Even that won’t work for some of us though. In the days of Jesus, I would be one of those lame beggars who needed to be carried home at the end of the day, hoping for scraps of the rich and dying young. I have used food stamps, medicaid, and the charity of family, friends, and churches. My medical care in subsidized by the thousand’s of other people who pay into the insurance plan I am now on, and my insurance conforms to standards based on government medicare that sets minimums (constantly dropping), and even with that my insurance has left me bedridden for 9 months. It is another charity that lent me the powerchair I live in after 5 months. If society gives up on me, I’m toast. Every disadvantaged person that isn’t willing to steal and hurt people is, whether it is a slow death or a fast one.

      And man, my life is 1000x easier than my Compassion kid’s life is! We’ll be working at this till Jesus returns.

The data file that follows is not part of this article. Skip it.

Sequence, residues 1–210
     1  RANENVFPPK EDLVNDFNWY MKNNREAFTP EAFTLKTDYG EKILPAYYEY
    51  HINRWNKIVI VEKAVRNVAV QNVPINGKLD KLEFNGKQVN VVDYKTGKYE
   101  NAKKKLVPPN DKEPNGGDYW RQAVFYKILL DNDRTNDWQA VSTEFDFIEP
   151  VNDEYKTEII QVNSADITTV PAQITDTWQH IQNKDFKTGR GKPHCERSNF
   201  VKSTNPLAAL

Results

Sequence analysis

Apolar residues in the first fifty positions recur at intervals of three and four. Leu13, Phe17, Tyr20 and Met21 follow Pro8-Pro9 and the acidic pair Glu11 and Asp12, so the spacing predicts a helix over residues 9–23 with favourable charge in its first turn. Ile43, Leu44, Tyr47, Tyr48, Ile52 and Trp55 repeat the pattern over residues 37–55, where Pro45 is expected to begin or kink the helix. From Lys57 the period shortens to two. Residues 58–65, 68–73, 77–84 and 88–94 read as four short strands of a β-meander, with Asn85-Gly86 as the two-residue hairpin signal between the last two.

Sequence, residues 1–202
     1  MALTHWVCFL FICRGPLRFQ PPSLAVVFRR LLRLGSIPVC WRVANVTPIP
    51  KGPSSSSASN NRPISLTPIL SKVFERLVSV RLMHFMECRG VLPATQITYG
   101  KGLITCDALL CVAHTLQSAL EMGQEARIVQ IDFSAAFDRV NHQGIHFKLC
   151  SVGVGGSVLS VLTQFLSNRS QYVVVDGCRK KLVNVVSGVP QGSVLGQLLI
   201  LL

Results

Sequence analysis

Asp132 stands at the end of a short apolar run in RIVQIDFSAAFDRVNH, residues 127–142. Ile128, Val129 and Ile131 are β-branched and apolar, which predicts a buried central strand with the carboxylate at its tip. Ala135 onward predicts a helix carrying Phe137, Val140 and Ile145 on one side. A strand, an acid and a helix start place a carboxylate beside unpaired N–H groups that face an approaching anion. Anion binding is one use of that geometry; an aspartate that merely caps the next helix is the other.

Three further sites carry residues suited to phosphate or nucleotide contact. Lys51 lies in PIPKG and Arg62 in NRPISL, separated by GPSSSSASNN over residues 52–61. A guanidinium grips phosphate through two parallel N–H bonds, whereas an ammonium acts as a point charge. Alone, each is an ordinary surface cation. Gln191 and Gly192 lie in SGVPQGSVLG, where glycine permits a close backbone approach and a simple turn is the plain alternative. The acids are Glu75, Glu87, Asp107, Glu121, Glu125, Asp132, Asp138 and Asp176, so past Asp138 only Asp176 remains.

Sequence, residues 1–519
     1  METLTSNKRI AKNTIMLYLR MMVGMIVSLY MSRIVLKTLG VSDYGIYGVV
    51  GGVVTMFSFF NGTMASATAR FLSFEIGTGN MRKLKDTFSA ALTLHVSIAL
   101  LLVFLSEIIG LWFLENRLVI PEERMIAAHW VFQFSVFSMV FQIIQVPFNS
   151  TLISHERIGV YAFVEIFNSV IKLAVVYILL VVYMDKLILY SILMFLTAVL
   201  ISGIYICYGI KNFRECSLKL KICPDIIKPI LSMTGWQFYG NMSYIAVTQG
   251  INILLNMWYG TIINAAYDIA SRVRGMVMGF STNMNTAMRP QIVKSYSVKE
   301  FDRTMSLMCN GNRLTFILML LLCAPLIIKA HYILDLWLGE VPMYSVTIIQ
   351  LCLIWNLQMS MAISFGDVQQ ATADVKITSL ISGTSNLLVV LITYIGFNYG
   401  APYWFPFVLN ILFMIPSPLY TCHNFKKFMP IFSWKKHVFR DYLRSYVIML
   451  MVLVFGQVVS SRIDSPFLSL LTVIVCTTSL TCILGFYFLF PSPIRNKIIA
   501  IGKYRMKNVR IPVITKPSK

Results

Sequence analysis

6. For exactly the reasons outlined in your post, I’ve been struggling with the concept of expensive Christian private schools. They are not really investing in the community and helping others less fortunate. The well-regarded classical Christian school in our area was 10k/year for elementary school (per child), and the maximum financial aid was 50%. We decided to send our child to public school b/c we weren’t comfortable with the cost-prohibitive nature of the school. One of my favorite posts by Michael Spencer was the one on education – https://internetmonk.com/articles/H/homeschool.html.

    I often re-read it whenever I feel discouraged or alienated for choosing our path.

    • I’m glad that your family found the way that works for you. Of the objections that I have heard or raised to private Christian schools, I have to admit that this wasn’t one of them. Just on an encouraging note, though, I would like to point out at least one Christian school that I know of that isn’t made of the same stuff. I don’t know how to do a link here, but just type “tidingsofpeace.org” into your browser, and away you go. 🙂